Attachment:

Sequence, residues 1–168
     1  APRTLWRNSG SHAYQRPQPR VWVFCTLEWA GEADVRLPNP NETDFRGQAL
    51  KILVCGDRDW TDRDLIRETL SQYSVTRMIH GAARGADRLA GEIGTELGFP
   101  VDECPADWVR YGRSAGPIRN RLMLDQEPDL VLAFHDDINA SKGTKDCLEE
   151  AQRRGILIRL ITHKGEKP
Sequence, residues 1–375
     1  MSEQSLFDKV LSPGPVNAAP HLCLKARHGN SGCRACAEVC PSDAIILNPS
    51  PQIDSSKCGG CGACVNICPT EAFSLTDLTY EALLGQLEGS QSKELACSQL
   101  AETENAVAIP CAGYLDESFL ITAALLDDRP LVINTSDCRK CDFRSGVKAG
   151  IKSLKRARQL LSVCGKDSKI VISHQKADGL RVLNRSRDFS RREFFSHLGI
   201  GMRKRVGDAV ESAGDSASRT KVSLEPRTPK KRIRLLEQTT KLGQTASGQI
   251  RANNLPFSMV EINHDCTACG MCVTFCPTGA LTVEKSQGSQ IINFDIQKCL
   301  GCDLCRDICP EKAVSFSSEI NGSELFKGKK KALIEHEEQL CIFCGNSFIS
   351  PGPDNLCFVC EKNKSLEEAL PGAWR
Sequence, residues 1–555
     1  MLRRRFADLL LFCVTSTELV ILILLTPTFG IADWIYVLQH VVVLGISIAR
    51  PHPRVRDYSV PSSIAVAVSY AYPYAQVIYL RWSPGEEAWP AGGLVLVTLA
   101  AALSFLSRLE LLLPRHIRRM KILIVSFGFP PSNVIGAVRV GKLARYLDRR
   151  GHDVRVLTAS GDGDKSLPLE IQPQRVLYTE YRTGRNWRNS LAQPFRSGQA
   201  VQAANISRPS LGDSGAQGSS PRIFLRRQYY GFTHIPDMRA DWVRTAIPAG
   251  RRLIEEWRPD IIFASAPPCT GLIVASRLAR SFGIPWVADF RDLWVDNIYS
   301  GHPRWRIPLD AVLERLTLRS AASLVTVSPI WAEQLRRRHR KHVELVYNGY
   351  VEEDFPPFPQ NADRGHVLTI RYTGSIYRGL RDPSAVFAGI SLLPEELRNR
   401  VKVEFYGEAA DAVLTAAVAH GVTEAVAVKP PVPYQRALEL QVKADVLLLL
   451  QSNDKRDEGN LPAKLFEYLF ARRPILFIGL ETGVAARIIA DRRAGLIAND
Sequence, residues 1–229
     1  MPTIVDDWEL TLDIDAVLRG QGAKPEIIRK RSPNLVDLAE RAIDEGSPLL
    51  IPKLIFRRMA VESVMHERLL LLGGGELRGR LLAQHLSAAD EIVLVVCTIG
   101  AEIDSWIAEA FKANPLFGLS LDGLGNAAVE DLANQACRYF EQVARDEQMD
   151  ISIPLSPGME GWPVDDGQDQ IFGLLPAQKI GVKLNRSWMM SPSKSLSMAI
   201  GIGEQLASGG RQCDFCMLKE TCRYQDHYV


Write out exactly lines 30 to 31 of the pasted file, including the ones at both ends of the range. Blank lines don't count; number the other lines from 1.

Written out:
   151  ISIPLSPGME GWPVDDGQDQ IFGLLPAQKI GVKLNRSWMM SPSKSLSMAI
   201  GIGEQLASGG RQCDFCMLKE TCRYQDHYV